‘Free’ Foods

glycemic index

Studies of patients with T1D found replacing high GI carbohydrates with low GI carbohydrates improves blood sugar control and reduces hypoglycemic episodes.

recipe ideas

Preparing meals doesn’t have to be difficult and a chore. We have chosen some of the best sites with ideas to try and inspire you.

exercise and t1d

Exercise is important for not only our bodies but also our mental health. Let’s face it, releasing endorphins makes us feel good!

Good news! There are some foods that are considered to be ‘free foods’ for Type 1 Diabetics. 

This term does require an explanation and isn’t to be misinterpreted. We know that you know but we will say it anyway – there is a direct correlation between your carbohydrate intake and your glucose levels.

“Free foods” are those foods or drinks that have less than 20 calories per serving and no more than 5 grams of 
carbohydrate per serving. They are considered free because you may eat them up to three times a day in reasonable amounts without significantly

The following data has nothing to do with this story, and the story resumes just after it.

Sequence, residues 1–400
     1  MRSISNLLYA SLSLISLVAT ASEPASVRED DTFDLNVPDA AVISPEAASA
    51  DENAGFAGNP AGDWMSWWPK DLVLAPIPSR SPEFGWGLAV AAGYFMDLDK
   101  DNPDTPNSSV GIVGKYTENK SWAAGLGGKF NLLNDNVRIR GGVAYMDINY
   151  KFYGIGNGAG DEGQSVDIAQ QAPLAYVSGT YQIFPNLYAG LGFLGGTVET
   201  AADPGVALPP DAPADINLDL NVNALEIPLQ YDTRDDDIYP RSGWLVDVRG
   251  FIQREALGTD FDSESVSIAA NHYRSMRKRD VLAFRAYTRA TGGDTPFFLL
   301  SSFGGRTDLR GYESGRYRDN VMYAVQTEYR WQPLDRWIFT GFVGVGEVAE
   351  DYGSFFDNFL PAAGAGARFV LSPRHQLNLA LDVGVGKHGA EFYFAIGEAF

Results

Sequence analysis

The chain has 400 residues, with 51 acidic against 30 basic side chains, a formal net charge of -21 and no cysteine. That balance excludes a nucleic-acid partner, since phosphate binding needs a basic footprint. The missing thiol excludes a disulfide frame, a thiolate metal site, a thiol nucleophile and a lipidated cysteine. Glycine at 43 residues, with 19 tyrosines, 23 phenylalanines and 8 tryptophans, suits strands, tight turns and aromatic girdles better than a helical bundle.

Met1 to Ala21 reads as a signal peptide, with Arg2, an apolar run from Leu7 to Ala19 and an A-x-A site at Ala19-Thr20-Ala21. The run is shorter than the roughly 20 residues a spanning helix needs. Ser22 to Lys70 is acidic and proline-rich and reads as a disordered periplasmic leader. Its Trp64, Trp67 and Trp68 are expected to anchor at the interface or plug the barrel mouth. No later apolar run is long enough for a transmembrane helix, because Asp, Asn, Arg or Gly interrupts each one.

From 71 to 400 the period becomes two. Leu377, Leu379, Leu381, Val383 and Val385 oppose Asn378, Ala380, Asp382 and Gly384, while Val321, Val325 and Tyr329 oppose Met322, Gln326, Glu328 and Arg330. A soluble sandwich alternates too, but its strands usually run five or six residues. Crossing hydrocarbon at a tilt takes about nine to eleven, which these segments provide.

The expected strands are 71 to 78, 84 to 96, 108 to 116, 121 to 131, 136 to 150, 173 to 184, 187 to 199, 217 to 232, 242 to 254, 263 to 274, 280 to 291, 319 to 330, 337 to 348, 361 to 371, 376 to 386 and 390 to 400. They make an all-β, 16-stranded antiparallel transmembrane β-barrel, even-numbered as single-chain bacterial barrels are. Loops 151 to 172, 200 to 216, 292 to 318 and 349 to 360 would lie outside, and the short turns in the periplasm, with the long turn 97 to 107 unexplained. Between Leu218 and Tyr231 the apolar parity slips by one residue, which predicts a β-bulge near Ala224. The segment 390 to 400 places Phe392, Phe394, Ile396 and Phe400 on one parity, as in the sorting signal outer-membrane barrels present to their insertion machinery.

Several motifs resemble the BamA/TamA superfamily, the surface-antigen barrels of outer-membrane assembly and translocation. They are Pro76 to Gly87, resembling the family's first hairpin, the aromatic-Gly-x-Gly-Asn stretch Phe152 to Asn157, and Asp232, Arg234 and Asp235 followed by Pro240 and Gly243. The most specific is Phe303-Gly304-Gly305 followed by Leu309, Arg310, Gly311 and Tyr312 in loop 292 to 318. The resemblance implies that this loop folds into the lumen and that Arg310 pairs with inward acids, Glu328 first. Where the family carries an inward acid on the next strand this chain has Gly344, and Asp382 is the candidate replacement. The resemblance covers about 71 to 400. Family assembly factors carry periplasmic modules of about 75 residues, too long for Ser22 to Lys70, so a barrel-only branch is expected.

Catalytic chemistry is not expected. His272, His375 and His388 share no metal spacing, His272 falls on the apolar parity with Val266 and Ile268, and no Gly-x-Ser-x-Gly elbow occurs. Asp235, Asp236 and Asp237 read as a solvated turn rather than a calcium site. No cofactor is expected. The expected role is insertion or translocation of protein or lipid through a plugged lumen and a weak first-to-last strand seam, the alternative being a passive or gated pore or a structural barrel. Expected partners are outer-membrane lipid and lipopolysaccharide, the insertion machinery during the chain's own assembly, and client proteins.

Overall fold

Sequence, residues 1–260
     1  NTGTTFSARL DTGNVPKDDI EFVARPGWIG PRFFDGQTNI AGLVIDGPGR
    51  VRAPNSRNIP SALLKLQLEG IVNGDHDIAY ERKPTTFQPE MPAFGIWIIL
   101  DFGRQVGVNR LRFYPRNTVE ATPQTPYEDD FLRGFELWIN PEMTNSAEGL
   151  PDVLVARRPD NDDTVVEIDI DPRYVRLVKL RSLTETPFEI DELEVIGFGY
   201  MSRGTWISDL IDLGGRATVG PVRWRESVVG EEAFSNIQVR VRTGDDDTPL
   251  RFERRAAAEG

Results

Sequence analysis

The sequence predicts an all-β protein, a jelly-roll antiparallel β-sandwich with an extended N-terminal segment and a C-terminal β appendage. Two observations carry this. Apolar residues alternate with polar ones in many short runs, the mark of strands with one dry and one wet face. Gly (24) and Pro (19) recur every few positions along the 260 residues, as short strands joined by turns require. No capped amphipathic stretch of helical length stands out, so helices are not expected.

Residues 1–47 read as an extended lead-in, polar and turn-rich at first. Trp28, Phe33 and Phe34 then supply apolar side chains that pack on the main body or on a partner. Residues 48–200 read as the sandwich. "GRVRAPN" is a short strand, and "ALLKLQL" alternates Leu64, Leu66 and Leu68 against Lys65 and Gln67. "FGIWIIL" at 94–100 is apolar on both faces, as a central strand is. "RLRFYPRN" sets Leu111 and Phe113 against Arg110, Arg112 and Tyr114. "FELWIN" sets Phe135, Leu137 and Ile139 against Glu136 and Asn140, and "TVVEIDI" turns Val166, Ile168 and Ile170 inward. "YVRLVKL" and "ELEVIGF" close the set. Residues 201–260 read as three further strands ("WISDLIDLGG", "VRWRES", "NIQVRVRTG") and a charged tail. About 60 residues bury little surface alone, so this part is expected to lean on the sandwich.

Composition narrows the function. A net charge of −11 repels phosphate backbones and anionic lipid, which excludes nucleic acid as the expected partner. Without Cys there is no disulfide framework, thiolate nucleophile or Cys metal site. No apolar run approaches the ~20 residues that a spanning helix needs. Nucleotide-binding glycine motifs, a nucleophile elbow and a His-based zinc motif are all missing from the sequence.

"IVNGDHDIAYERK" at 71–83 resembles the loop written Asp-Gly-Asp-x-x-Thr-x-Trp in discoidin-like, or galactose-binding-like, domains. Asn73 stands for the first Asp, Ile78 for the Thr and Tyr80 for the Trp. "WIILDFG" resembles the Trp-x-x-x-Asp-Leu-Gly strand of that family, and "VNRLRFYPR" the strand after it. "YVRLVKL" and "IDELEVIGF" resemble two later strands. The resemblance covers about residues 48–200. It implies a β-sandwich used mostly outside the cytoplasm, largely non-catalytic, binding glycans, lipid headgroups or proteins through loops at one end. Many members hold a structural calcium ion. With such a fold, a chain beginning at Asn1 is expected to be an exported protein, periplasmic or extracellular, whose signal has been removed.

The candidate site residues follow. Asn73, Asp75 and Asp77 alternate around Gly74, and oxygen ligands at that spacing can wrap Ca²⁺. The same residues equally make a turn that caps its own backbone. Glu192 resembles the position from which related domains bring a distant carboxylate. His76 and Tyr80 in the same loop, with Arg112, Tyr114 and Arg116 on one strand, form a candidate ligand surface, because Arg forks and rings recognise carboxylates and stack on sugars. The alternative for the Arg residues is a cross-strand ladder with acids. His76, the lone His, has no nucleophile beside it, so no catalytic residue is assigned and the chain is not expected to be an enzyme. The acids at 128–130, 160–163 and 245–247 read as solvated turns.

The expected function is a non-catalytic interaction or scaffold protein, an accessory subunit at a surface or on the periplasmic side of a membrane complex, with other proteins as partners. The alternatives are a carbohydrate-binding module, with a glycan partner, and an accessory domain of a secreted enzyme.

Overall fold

raising your blood sugar. Here is a sampling of the free foods available by category:


Asparagus (cooked), Green Beans (cooked), Broccoli (cooked), Celery, Cucumber, Lettuce (Iceberg) Olives, Red capsicum, Radishes, Shallots, Spinach (cooked), Tomatoes and Tomato juice


Avacados, Raspberries, Strawberries

Macadamia Nuts and Pecans


Butter, Cheddar Cheese, Swiss Cheese, Cream Cheese, Cottage cheese (2% milk fat), Eggs, Mayonnaise, Milk (1% milk fat), Soy Milk, Yoghurt (plain whole milk)


Coffee (without milk or sugar), Tea (without milk or sugar) and Water

Size really does matter

Try to limit yourself to only two snacks a day and also try to eat snacks at designated times between meals so that your snack doesn’t spoil your appetite as well as adding some nutritional value to your daily food intake.

At diagnosis, keeping a strict and plain eating plan can be beneficial until you are able to get used to the new regime. Over time, you will begin to learn what certain foods do to your body – it’s important to remember that
each person is individual and what works for you, may not work for someone else.

Carbohydrate Books and Apps

Some great work has been done by clinicians, educators and nutritionists to make the task of ‘carb counting’ that little bit easier. 

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